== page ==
As I walked around the room with my guitar, groups of students raised their hands, asking “Can you come check ours!?” I approached and sang the lyrics they had written, strumming along to check their rhythm.
My students were writing songs as a novel way of responding to literature.
Literary Response as Song
In my class, we begin the year with stories about “courage,” from the physical courage of Brian in Hatchet to the moral courage of Sugihara-san in Passage to Freedom. As an exercise in literary response, I wanted to connect the four different types of courage displayed in these selections. Since songs often have three or four verses, and our themes include three or four selections, it seemed like the perfect fit and it would provide students with a unique way to express their understanding of the characters.
Especially interesting to me was noting how songs connect an abstract idea in the chorus with concrete examples in each the verse. This idea of moving from abstract to concrete or vice versa is a core technique when differentiating for gifted students. When we give students the abstract idea and let them work with the concrete examples, this is deductive thinking. If we give them examples and let them create an abstract idea, it’s inductive thinking. Both are worth practicing.
I selected the U2 song “Where The Streets Have No Name” because of its readily-identifiable theme, simple melody, and the relatively clean image of the band. Plus, it’s a chance to expose students to a classic they may not otherwise encounter. Feel free to use any song you’d like.
First, I explained that songwriters often use the chorus to drive home the 🏠 big idea of the theme, while the verses are focused on 🌻 specific details. I asked students for examples of songs that fit this pattern and made a graphic organizer to keep track of their ideas.
I explained that we would be rewriting this song based on our four reading selections. Each verse would correspond to a reading and would sum up the unique display of courage shown by that story’s protagonist. The chorus, however, would represent an abstract generalization about courage that we could only get to after reading all four stories.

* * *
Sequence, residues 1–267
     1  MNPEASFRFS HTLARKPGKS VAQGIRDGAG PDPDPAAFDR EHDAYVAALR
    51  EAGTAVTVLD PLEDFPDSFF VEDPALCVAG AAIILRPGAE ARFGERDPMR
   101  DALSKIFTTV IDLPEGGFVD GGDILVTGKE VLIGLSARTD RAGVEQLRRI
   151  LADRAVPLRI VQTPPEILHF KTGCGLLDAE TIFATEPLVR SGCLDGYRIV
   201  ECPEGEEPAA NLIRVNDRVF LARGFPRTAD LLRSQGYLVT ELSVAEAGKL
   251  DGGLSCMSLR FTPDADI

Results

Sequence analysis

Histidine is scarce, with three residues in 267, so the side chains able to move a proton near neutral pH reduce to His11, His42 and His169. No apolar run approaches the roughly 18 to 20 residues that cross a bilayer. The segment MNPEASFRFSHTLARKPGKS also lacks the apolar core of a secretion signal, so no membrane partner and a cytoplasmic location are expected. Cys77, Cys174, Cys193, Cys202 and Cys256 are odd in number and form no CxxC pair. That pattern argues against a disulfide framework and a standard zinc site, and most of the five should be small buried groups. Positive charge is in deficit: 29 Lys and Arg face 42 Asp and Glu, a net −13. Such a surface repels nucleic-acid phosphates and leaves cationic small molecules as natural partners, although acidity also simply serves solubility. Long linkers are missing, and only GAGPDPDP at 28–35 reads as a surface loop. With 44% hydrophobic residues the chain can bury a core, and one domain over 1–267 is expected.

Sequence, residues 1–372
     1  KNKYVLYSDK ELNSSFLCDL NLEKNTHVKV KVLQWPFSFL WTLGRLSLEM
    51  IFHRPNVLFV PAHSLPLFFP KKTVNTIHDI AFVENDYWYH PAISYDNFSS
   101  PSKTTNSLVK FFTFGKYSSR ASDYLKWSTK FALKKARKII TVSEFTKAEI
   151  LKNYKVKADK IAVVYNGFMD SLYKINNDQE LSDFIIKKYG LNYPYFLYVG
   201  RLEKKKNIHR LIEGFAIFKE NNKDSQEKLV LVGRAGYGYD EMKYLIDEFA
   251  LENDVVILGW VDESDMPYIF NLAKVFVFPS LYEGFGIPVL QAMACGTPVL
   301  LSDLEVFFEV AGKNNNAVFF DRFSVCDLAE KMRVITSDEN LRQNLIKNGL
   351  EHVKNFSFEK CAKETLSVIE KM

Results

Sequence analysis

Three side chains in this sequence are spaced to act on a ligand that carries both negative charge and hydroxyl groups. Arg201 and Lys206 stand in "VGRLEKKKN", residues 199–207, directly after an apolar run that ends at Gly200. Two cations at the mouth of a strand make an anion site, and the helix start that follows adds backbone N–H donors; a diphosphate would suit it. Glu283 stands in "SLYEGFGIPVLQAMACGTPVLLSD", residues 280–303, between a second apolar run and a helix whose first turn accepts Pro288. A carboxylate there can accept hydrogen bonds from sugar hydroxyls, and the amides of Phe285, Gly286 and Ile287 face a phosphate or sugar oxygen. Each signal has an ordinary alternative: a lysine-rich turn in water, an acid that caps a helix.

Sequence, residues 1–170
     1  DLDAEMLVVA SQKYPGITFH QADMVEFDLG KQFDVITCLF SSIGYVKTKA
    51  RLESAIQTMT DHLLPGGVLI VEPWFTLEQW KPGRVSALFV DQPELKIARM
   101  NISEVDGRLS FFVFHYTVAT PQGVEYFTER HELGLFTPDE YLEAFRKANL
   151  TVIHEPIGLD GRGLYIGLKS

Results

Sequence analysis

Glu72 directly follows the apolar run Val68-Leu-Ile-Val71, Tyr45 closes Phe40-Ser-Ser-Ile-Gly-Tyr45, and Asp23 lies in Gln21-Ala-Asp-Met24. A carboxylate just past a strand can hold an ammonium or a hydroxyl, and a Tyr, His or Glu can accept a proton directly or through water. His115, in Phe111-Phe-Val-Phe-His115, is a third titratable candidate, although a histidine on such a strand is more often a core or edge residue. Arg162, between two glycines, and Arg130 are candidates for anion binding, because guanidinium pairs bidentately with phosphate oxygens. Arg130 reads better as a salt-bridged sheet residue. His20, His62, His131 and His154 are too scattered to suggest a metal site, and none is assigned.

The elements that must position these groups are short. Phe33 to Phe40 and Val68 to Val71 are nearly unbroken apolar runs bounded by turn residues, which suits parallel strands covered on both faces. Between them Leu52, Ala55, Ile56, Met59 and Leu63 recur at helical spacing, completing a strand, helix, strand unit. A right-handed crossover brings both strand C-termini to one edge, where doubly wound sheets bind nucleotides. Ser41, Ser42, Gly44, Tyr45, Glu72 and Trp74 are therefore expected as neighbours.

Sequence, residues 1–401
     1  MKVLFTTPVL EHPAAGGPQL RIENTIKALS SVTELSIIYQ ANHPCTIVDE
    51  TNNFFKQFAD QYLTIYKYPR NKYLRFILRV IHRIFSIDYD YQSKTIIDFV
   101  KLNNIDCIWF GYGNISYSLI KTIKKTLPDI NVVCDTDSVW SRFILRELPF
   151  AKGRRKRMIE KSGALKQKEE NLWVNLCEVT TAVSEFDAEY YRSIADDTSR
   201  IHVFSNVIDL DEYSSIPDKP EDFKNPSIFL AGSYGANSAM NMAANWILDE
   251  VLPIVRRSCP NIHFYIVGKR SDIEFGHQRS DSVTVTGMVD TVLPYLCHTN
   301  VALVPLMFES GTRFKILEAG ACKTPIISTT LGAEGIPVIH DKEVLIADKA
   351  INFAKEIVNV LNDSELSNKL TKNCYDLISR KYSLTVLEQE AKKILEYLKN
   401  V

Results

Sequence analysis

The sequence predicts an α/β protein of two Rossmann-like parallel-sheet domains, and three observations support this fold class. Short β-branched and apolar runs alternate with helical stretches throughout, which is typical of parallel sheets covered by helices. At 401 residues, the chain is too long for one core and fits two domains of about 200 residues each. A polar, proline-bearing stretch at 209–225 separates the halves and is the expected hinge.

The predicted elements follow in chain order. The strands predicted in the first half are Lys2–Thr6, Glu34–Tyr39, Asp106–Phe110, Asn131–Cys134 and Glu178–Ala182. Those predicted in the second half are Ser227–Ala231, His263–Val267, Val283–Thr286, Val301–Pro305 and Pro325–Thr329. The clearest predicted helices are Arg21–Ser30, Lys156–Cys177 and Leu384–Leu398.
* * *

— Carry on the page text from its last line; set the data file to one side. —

Each Friday, after taking the selection’s test, we worked on this ongoing project. I’d do a quick brainstorm with the class, identifying unique qualities and specific actions of each protagonist that contributed to the theme of courage.
Too often, I’d give directions and then just let the kids at it. Over the years, I’ve learned that no matter who the student is, when we ask them to stretch their thinking, they need thoughtful and careful scaffolding. Some day I’ll get a tattoo that reads, “Scaffolding is for everyone.”
So, I’d model with a different song and story first. This gives me a chance to think aloud, to demonstrate the techniques I want them to use, and (of course) realize how unclear my original directions were!
Then, we’d write collaboratively. I’d demonstrate my own thinking, my eager-beavers would throw out their ideas, and we’d all move towards a verse together. I’d always offer students the chance to re-write this verse if they didn’t like it.
Writing The Songs
Now that the directions are all clear, students got into their groups and rewrote the lyrics of a verse of “Where the Streets Have No Name” using the melody and rhythm from the U2 song. I walked around and helped with rhythm issues, singing the song out for shy groups. As groups finished, and with their permission, I sang a few of their verses for the class. Some kids were even comfortable with their own singing.
After four weeks, we finally approached the chorus. Students job was to connect the four concrete displays of courage together using a generalization. We re-examined how U2 repeated the line “Where the streets have no name” in their chorus to emphasize the theme of a city with no boundaries. Students tried to do the same with courage and our four selections.
Groups then created a published copy of their lyrics to present to the class (and to practice their presentation).
Finally, and optionally, if you are comfortable with Garageband, it would be easy to make a backing track and allow students to record their voices singing their own lyrics.
In the end, we have an approach to a response to literature that incorporates novelty, abstract and concrete thinking, a classic, the arts, and a really fun time!
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